China urges 'push for progress' to resume N. Korea nuclear talks

BEIJING, Nov. 5 (Yonhap) -- China on Tuesday called on nations involved in the long-stalled talks on ending North Korea's nuclear weapons program to jointly "push for progress" to reopen the multilateral disarmament forum, confirming that its chief nuclear envoy is now on an official visit to Pyongyang.

China's foreign ministry spokesman Hong Lei made the remarks a day after North Korea announced that the Chinese envoy, Wu Dawei, arrived in Pyongyang amid a recent flurry of China's diplomacy to narrow differences over the conditions to resume the six-party talks.

With Wu, who met with his U.S. counterparts in Washington last week, in Pyongyang, the spokesman also reiterated China's long-standing stance that nations should be committed to implementing a denuclearization-for-aid agreement reached in 2005 at the six-party talks.

"We should press ahead with the implementation of the Sept. 19 Joint Statement, accommodate each other's concerns and push for progress in a step-by-step manner," Hong replied when asked about whether there are any signs of progress in recent diplomatic efforts to resume the talks.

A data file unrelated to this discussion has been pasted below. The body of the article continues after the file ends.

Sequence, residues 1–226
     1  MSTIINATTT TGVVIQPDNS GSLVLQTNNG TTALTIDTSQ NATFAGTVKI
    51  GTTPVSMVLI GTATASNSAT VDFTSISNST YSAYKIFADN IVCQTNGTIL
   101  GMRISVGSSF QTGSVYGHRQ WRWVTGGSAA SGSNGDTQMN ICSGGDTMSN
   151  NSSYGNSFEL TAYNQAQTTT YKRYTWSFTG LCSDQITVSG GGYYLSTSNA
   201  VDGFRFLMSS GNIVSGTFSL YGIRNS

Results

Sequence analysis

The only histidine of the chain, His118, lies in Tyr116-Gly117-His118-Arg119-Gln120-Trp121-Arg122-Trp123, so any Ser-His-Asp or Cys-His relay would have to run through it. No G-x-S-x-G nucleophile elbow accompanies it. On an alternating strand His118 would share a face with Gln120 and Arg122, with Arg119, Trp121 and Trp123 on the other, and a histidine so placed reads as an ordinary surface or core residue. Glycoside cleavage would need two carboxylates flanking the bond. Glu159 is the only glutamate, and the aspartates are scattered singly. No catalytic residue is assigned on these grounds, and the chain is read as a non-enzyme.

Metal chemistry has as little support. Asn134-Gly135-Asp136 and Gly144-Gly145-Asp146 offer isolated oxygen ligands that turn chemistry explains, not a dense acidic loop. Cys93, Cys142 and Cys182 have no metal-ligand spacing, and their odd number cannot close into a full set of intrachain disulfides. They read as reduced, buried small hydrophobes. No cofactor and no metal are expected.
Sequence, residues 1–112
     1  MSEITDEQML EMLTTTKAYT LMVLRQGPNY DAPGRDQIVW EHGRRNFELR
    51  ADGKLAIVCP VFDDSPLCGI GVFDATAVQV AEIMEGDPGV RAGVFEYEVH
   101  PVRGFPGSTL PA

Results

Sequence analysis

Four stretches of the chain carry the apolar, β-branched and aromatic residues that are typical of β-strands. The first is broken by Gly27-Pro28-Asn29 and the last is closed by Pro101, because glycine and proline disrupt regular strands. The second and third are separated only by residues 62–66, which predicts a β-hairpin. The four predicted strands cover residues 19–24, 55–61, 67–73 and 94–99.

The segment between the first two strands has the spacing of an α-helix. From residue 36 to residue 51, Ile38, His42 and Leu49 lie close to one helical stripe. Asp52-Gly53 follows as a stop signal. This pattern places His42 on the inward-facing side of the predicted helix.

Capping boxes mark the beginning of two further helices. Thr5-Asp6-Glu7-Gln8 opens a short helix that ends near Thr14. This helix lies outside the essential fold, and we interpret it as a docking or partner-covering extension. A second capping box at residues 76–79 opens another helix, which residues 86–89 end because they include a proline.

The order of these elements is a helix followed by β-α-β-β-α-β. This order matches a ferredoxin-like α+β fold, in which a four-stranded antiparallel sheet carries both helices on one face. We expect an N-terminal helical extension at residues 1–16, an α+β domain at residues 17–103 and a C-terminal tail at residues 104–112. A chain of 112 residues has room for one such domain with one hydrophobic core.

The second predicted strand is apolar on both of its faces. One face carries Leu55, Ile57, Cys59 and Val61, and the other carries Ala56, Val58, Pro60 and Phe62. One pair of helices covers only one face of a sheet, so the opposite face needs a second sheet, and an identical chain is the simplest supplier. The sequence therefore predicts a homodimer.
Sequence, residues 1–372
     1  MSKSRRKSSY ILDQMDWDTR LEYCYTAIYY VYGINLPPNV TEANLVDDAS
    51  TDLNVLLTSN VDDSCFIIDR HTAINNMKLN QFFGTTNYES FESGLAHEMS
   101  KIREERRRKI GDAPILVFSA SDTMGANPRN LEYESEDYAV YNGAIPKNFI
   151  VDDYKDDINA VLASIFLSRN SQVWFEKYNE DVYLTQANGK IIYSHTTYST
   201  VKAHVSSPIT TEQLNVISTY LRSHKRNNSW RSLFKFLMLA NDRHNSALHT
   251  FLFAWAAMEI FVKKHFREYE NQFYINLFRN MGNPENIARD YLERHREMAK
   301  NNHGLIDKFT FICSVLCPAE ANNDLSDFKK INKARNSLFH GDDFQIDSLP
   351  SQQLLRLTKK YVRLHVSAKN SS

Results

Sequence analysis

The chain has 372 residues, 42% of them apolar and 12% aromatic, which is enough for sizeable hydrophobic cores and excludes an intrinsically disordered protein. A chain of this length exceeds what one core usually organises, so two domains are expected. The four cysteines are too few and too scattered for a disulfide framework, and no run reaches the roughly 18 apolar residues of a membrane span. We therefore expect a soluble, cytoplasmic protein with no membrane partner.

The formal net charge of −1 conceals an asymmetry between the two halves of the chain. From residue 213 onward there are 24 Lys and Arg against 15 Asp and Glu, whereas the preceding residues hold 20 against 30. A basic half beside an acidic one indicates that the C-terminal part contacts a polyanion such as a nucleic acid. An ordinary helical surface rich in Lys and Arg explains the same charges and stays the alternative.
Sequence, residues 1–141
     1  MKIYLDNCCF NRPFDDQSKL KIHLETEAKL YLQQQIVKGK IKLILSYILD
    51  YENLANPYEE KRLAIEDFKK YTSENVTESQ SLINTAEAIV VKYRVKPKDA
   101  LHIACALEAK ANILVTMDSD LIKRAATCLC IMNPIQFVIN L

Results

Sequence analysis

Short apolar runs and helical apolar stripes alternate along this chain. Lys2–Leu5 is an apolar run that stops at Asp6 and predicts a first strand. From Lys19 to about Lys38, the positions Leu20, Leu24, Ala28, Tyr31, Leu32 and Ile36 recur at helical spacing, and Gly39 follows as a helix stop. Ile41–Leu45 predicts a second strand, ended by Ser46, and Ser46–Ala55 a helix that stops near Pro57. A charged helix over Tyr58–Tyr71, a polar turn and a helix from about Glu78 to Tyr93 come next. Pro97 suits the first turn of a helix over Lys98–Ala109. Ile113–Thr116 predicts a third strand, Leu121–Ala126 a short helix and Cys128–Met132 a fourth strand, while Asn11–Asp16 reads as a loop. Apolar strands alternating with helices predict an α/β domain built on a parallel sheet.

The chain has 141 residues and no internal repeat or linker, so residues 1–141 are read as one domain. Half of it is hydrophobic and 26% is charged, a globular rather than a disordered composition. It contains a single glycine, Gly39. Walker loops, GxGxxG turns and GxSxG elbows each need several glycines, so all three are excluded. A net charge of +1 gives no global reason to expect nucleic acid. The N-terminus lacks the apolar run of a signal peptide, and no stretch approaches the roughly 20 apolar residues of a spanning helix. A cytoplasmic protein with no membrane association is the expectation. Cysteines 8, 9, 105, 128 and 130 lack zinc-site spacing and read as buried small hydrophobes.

The six-party talks, involving the two Koreas, the U.S., China, Russia and Japan, have been suspended since late 2008.

"With regard to the preconditions of the denuclearization of the Korean Peninsula, all parties should come back to the principle of the Sept. 19 Joint Statement, set a reasonable threshold for the dialogue and resume the six-party talks at an early date so as to resolve the Korean nuclear issue in a sustainable and irreversible way," Hong said.

Since conducting its third nuclear test in February, North Korea has repeatedly expressed its willingness to reopen the six-party process "without preconditions."

South Korea and the U.S. have been demanding North Korea show its sincerity first by taking steps to denuclearize itself before the six-party talks are resumed. China has been more accommodating toward North Korea, urging South Korea and the U.S. to lower the bar for Pyongyang to sit down at the negotiating table.

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